Elevated Levels of the P53 Tumour Suppressor Protein in the Basal Layer of Recurrent Laryngeal Papillomas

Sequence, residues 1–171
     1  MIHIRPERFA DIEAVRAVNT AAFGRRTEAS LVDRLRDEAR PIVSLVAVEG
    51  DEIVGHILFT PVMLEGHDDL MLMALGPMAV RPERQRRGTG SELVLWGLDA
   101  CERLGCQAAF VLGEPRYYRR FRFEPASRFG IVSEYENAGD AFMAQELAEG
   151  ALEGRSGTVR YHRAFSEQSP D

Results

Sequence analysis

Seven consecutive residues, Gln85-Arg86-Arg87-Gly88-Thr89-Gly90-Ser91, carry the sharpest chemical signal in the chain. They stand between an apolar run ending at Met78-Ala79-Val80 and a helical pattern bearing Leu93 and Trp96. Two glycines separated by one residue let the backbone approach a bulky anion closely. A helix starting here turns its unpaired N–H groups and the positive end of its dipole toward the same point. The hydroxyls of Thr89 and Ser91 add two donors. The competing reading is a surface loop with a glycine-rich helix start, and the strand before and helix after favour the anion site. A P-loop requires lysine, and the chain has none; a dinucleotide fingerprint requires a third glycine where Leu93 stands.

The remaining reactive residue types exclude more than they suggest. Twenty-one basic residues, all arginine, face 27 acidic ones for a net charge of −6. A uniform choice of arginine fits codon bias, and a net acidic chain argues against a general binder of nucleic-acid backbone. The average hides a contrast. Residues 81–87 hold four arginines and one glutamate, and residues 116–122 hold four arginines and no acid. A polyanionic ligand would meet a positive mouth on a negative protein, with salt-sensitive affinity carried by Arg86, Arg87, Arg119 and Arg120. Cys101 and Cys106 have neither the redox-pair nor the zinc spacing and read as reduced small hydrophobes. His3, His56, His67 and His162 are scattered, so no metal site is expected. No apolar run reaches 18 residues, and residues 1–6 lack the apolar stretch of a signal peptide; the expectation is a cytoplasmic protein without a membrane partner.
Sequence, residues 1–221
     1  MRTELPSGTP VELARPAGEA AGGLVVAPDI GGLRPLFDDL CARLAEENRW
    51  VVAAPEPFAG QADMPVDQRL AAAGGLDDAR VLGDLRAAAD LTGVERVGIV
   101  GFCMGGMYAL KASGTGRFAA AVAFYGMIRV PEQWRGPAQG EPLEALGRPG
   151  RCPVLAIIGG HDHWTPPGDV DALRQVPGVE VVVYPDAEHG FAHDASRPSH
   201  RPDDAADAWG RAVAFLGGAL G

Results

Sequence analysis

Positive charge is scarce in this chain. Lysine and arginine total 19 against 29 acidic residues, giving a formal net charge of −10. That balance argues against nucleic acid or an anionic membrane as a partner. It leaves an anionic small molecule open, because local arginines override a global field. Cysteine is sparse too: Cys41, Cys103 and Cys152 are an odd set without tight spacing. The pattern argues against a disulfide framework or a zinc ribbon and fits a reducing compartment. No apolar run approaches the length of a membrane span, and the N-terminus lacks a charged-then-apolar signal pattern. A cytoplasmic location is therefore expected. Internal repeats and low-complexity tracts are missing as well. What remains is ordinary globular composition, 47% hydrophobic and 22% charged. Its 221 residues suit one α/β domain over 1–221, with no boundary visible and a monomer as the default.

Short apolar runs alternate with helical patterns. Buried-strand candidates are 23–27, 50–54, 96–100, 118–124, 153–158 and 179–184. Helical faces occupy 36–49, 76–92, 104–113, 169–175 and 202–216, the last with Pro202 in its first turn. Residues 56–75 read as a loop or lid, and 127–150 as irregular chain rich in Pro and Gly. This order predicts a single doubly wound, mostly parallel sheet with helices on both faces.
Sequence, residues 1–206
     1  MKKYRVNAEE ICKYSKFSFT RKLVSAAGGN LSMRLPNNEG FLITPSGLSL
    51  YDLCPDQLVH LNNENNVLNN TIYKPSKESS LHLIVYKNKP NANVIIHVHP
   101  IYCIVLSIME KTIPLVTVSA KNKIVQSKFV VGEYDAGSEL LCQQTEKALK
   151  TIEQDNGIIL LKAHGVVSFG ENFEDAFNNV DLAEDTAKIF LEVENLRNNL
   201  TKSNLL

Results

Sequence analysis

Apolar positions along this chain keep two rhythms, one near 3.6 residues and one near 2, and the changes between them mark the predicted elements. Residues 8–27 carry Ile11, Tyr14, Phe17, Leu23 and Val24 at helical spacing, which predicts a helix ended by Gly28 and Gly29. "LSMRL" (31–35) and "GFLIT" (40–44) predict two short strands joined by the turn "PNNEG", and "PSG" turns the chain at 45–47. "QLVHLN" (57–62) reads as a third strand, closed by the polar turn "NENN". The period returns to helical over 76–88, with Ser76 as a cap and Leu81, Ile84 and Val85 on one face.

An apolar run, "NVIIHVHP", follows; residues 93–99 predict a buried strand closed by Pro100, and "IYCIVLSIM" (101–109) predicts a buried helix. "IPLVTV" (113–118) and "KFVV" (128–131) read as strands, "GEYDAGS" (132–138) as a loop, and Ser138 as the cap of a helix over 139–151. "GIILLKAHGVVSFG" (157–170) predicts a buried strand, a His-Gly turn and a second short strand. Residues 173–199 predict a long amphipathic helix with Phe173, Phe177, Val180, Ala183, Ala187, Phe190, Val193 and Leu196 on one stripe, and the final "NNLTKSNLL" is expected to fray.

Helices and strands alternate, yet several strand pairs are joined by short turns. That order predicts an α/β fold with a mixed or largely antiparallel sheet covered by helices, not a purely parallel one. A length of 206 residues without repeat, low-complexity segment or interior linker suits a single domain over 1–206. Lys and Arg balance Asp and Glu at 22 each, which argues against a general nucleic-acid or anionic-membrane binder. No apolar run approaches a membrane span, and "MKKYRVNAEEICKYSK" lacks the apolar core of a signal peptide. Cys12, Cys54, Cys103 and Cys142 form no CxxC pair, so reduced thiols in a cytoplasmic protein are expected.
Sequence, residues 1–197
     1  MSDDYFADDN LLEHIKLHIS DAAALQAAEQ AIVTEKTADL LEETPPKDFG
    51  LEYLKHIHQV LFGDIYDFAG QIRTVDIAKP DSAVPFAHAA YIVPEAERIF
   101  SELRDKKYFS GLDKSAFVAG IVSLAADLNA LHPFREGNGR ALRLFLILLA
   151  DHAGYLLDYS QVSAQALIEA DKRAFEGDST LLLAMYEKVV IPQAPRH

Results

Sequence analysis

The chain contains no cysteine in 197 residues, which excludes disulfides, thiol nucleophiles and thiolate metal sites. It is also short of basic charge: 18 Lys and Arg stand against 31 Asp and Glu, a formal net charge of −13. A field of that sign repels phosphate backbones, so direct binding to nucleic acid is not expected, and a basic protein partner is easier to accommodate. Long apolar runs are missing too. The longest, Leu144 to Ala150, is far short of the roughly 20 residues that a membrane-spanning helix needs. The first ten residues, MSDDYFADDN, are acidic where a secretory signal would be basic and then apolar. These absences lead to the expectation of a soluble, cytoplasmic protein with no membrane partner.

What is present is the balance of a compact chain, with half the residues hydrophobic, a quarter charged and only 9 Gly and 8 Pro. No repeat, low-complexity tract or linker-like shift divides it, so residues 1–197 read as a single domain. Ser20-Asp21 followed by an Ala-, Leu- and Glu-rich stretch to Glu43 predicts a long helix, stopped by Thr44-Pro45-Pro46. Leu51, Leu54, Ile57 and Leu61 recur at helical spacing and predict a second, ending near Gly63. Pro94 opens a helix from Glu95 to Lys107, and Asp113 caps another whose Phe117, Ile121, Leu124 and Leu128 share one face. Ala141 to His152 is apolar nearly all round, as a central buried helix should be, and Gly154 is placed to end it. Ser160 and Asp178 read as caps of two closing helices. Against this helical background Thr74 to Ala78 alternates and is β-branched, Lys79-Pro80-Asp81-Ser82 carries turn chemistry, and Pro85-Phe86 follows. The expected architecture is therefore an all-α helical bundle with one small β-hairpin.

A viral aetiology for recurrent respiratory papillomatosis (RRP) has long since been postulated and the human papilloma virus (HPV) types 6,11,16 and 18 have been detected reproducibly in laryngeal papillomas and squamous cell carcinomas of the head and neck (SCCs of the H & N). Whilst the underlying mechanism(s) for the abnormal proliferation of respiratory epithelial cells leading to the formation of papillomas is unknown, it is known that the above HPV types, transform keratinocytes in culture with potencies which correlate with their ability to inactivate the p53 tumour suppressor protein. The E6 proteins of HPVs 16 and 18 complex and degrade the p53 protein1,2, whereas HPV6 and 11 E6 proteins have been reported to only weakly bind p53 without degradation2.
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